Longtime Seafarer Scott Musick may have inadvertently discovered an ultimate test of friendship.
While becoming a self-taught tattoo artist 30 years ago, he practiced on various inanimate objects – and also gave free tattoos to several friends.
“I’m happy to say they’re all still my friends today,” says Musick, who works as a refrigeration mechanic for Crowley at Penn Terminal in Chester, Pennsylvania.
Though hardly an old-timer at age 56, Musick has a tattooing background that is becoming far less common as the industry burgeons into a billion- dollar, mainstream enterprise. Today, it’s easy to locate licensed body-art schools, and official apprenticeships are available. Published reports indicate that more than 145 million Americans have tattoos, including more than half of all U.S. citizens younger than 40. Costs of tattoos widely vary; they’re typically somewhere in the low hundreds of dollars, but can reach well into the thousands.
“When you go back to, say, the 1950s, someone who had tattoos was kind of a rebel,” Musick says. “It seemed like in the 1990s, it became a little more socially accepted. A lot of the skateboard kids were getting into tattoos, and TV shows like Ink Masters brought it into everyday life. People saw that tattoos could be something beautiful, and weren’t just for military members and motorcycle riders.”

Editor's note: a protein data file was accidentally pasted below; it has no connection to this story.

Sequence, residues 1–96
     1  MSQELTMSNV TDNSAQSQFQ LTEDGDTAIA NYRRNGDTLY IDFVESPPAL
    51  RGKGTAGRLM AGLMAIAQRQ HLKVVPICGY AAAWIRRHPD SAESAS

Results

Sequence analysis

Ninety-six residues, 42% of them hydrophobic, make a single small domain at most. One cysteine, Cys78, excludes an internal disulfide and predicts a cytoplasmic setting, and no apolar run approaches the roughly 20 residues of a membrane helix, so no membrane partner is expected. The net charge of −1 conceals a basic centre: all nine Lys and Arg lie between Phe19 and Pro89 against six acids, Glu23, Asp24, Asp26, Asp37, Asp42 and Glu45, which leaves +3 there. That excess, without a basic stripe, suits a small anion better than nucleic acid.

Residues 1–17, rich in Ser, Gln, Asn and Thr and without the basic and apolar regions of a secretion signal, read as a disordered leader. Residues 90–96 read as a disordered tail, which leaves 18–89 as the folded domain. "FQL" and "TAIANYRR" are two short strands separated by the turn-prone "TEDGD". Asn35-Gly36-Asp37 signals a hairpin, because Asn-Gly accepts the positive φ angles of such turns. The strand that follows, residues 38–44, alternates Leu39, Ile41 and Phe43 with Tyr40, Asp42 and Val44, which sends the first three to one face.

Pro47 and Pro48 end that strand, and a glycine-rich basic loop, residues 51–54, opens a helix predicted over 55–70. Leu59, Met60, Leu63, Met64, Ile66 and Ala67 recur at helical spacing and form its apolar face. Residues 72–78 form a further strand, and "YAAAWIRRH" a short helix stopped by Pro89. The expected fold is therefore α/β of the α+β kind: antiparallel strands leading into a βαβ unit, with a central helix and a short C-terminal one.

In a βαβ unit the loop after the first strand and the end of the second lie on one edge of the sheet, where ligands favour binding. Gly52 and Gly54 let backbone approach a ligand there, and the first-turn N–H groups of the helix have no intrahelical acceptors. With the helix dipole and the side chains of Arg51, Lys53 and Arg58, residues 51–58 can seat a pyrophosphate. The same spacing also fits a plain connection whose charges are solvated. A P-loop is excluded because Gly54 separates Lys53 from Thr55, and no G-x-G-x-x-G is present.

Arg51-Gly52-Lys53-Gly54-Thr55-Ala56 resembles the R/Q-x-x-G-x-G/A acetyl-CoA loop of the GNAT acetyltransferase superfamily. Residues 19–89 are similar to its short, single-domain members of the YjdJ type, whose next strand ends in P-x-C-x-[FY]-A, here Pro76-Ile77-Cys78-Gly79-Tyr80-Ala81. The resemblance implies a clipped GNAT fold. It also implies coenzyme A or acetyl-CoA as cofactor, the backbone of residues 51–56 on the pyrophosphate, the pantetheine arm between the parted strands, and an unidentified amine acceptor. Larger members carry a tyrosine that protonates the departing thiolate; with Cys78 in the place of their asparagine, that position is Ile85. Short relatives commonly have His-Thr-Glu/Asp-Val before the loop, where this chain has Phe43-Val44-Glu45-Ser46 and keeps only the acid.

Nevertheless, learning the trade wasn’t straightforward or quick for Musick.
“When I got into it, there weren’t a lot of shops around,” he recalls. “Back in the day, you really had to prove your worth. The old-timers weren’t giving up any tricks of the trade, so you had to hope one of them would take you under their wing. Working as a mechanic was sort of the same thing. Eventually, if the old-timers felt you were really interested, they’d show you.”
As his interest in tattooing grew, Musick “said to myself, this can’t be that hard. There was one company you could buy equipment from. I bought it and basically taught myself” during a span of several years.
Decades later, after applying more tattoos than he can count, Musick still appreciates the ongoing experience as an avocation. He’s a part-timer in a regional chain (Body Graphics) where he has worked for the last 22 years. Previously, he’d run a business from his home.
“My union job obviously comes first, and accounts for my benefits and (eventual) pension,” Musick says. “My tattoo job is fun money and just enjoying the art.”
Those familiar with Musick’s work – as a Seafarer and as an artist – say plenty of good things about both areas.
Musick graduated from high school in 1985 and immediately followed in the footsteps of his father, Jim, also a longtime SIU member (who passed away in 2018).
SIU Secretary-Treasurer David Heindel, then working as the union’s port agent in Philadelphia, met Scott when he signed on at Crowley’s terminal in Pennsauken, New Jersey.